I’ve been busy. That’s the refrain I hear myself saying again and again to friends and family, to coworkers and even possible collaborators. And it is true, since November 2010, I’ve been focused on making my own artwork.
It’s not always good work, but I do keep plugging away.
And as I work, and am involved in a very different way with the arts scene here in Jacksonville, I’ve come to realize that while it is important to create and sustain a community here in Jacksonville, I’m also very interested in what is happening in other places. How as cities redirect their thinking on everything from “Green Living,” to public transportation it can affect a wholesale change in a city’s attitude towards itself, and by extension, art and culture. That is to say: pressure and change from within and without.
In the past couple of years, as blogs have declined (hello Facebook ascendancy) there seems to be a movement away from the introspection and reflective practices of blogging (ok yes, navel gazing to a certain extent) to a slightly shrill, cacophonous wail that goes something like: “look at me, come to my event.” It’s awfully exhausting.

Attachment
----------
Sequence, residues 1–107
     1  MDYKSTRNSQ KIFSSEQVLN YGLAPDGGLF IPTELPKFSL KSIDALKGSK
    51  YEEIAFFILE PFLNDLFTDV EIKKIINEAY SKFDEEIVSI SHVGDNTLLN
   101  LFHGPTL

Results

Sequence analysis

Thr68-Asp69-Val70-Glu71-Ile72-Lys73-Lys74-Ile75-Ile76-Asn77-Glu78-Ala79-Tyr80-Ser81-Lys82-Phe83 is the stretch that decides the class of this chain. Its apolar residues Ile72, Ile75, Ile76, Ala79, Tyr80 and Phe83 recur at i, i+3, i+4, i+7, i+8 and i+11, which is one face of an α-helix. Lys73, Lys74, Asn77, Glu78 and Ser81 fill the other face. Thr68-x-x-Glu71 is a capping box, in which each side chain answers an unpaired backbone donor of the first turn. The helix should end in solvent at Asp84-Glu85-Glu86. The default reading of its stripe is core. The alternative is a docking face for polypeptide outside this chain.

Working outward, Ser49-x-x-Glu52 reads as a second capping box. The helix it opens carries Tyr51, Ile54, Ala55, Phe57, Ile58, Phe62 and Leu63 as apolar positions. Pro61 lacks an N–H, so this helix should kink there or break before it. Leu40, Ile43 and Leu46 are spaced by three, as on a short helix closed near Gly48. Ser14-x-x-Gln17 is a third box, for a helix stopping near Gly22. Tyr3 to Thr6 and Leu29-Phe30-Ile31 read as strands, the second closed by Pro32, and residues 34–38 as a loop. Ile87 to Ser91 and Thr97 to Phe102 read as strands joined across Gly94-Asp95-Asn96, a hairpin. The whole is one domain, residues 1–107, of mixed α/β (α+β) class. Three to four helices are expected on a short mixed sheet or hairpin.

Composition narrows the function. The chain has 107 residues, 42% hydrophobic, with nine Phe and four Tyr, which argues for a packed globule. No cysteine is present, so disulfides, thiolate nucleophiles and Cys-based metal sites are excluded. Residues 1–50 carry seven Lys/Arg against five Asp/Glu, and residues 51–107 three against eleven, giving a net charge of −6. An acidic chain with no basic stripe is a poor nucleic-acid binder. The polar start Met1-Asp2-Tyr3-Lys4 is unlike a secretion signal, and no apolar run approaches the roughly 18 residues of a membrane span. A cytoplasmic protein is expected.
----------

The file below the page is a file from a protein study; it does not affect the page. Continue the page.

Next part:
This hyper-shrill, supercharged involvement with everything all the time does a disservice to art and artists. I’m not saying that I wouldn’t love a city that embraces and supports the arts in a more conceptual and surprising not to mention tangibly fiscal way, but rather, that as artists, thinkers, and makers of things we have a responsibility to honor what we do. To honor the time and commitment to making a piece of work, and not to give it away—to treat the work seriously and still smile at the self. It is not easy, people can be persuasive and honeyed tongues have a way of convincing one that their agenda is best for all even (especially) when it is not.
I also am a huge supporter of finding the ways in which a city is different, and making those work, rather than retrofitting another city’s idea for our own. In the end, artists need to strive for balance: work in the studio, engagement with the community; but only when that engagement is beneficial, not at the cost of the artist.
Do the work, and everything else comes...